Interest Rates are Increasing!

Submitted by Sarah Barnett on March 13, 2019

Interest rates are increasing! They are not increasing uniformly and they are not increasing for every account, but they are increasing! So, now is the time to “shop” for higher interest rates for your savings accounts, checking accounts and money market accounts. In general, the bigger the bank, the lower the consumer interest rate offered, so be sure to check local banks as well as national banks.

If you chose to move your money to earn a higher interest rate, remember to check on all the fees that will apply. Free checking is still available from local banks.

If you would like to understand why interest rates are increasing now, read on for Economics 101 on Quantitative Easing or QE for short.

During the financial crisis of 2008, the Federal Reserve Bank did many things to get the economy back on track. One of the biggest and most notable is known as QE. The Federal Reserve bought massive amounts of bonds. Banks, individuals, pension funds, insurance companies, investment firms, mutual funds and others who owned these bonds could sell them to the government and get cash for them. As a result, the government ended up with lots of bonds and everyone else ended up with lots of cash. Some people think that the Fed bailed out banks and gave them money but this is not what happened. The Fed bought securities owned by banks, individuals and investment firms at market prices. These were purchases, not gifts.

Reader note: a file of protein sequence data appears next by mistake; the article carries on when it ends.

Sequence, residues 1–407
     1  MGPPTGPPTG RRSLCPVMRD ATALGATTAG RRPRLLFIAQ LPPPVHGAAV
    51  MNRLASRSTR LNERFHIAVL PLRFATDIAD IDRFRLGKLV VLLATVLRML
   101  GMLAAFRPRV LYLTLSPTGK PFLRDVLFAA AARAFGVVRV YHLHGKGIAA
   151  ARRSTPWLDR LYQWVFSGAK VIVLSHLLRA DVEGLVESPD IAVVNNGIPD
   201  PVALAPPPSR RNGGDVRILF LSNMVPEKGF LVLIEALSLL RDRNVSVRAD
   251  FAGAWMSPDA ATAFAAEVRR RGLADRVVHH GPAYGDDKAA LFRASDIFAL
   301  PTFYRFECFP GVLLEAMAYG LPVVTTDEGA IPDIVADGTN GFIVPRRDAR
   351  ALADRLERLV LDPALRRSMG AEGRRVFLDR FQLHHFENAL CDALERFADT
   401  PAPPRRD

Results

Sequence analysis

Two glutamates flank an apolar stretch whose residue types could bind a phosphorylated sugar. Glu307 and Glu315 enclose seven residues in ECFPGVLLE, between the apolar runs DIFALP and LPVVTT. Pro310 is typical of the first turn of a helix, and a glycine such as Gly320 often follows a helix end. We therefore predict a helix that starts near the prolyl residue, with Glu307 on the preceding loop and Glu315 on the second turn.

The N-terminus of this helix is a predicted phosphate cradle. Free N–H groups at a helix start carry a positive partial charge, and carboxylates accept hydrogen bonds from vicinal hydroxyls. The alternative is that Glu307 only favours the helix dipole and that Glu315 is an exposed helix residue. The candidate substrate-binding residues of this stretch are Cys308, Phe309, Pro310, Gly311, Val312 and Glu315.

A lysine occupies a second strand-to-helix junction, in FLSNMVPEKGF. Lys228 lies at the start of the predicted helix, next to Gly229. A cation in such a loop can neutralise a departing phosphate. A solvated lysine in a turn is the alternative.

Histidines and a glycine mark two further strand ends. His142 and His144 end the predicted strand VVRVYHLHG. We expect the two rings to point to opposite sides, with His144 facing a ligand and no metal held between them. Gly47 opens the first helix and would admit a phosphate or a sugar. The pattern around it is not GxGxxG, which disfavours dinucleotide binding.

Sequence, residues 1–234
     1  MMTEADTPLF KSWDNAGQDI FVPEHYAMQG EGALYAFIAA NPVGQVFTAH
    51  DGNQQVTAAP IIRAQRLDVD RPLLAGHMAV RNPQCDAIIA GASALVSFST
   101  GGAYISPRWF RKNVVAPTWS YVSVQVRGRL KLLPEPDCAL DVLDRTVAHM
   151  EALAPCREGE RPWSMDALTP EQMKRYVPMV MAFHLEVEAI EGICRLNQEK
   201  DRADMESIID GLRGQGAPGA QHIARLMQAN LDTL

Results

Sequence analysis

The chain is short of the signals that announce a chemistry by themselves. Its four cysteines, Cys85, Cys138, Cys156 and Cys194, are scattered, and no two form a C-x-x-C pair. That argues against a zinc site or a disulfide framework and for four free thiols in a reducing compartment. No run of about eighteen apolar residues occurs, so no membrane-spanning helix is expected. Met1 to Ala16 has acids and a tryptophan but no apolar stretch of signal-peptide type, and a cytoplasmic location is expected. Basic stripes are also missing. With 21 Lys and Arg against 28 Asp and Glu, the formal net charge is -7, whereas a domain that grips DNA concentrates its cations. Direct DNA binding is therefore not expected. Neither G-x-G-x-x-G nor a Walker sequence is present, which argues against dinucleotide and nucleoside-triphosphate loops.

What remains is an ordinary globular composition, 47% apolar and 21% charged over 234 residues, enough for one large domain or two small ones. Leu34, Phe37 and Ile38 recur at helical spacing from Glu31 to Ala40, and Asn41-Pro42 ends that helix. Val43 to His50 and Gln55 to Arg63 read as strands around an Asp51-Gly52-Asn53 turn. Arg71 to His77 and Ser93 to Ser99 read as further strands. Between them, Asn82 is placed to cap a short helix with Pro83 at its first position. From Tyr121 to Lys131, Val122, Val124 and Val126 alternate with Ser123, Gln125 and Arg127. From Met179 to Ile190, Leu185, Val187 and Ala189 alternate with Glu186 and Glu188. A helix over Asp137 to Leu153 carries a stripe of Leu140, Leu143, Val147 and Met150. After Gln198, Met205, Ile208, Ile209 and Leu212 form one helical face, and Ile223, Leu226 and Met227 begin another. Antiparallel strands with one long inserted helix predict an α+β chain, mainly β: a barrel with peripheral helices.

The result of these purchases was that banks had more money and fewer securities. This caused interest rates to fall dramatically which is supply and demand at work. More supply of money made the cost of money, the interest rate, lower. For a decade consumer interest rates were very low, zero or close to zero. This stimulated the economy, but hurt savers and people who lived on their interest checks. Now, ten years after the crisis, the Federal Reserve Bank is reversing Quantative Easing. They are doing this by allowing their securities and bonds to mature and at maturity, keeps the cash instead of reinvesting in more bonds. This means that whoever issued the bonds, whether it be the government, a state or a mortgage company, they must write a check to the Federal Reserve when the bond matures. This takes money out of the banking system.

The result is that the supply of money decreases and therefore, the price, the interest rate goes up. This is where we are now, the Federal Reserve is reversing Quantative Easing, the money supply is decreasing and interest rates are increasing. What this means for you is higher interest rates on your savings accounts, checking accounts and money market accounts. Now is the time to shop for a better interest rate. Also, be sure to check on fees. It is relatively easy to get a free checking account, but many consumers pay fees that are unnecessary because they did not shop for a better deal.

Quantative Easing is winding down and interest rates are winding up. Be sure that you benefit from this change by shopping for the best offering.